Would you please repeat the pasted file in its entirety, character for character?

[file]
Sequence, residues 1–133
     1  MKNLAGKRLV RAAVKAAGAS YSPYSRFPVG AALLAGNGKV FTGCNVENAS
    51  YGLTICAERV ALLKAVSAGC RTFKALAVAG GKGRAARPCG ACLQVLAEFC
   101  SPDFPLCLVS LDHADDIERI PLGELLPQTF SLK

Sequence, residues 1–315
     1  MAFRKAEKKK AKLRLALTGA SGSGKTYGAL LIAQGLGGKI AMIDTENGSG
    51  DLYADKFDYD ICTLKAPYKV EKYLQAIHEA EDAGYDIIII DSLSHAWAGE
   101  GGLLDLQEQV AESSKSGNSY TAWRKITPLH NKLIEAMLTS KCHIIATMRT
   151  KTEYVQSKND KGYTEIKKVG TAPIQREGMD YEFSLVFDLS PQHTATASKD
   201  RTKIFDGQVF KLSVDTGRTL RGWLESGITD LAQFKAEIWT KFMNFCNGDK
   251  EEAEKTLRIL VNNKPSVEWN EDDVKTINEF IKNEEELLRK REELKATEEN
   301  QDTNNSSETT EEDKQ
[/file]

Sequence, residues 1–133
     1  MKNLAGKRLV RAAVKAAGAS YSPYSRFPVG AALLAGNGKV FTGCNVENAS
    51  YGLTICAERV ALLKAVSAGC RTFKALAVAG GKGRAARPCG ACLQVLAEFC
   101  SPDFPLCLVS LDHADDIERI PLGELLPQTF SLK

Sequence, residues 1–315
     1  MAFRKAEKKK AKLRLALTGA SGSGKTYGAL LIAQGLGGKI AMIDTENGSG
    51  DLYADKFDYD ICTLKAPYKV EKYLQAIHEA EDAGYDIIII DSLSHAWAGE
   101  GGLLDLQEQV AESSKSGNSY TAWRKITPLH NKLIEAMLTS KCHIIATMRT
   151  KTEYVQSKND KGYTEIKKVG TAPIQREGMD YEFSLVFDLS PQHTATASKD
   201  RTKIFDGQVF KLSVDTGRTL RGWLESGITD LAQFKAEIWT KFMNFCNGDK
   251  EEAEKTLRIL VNNKPSVEWN EDDVKTINEF IKNEEELLRK REELKATEEN
   301  QDTNNSSETT EEDKQ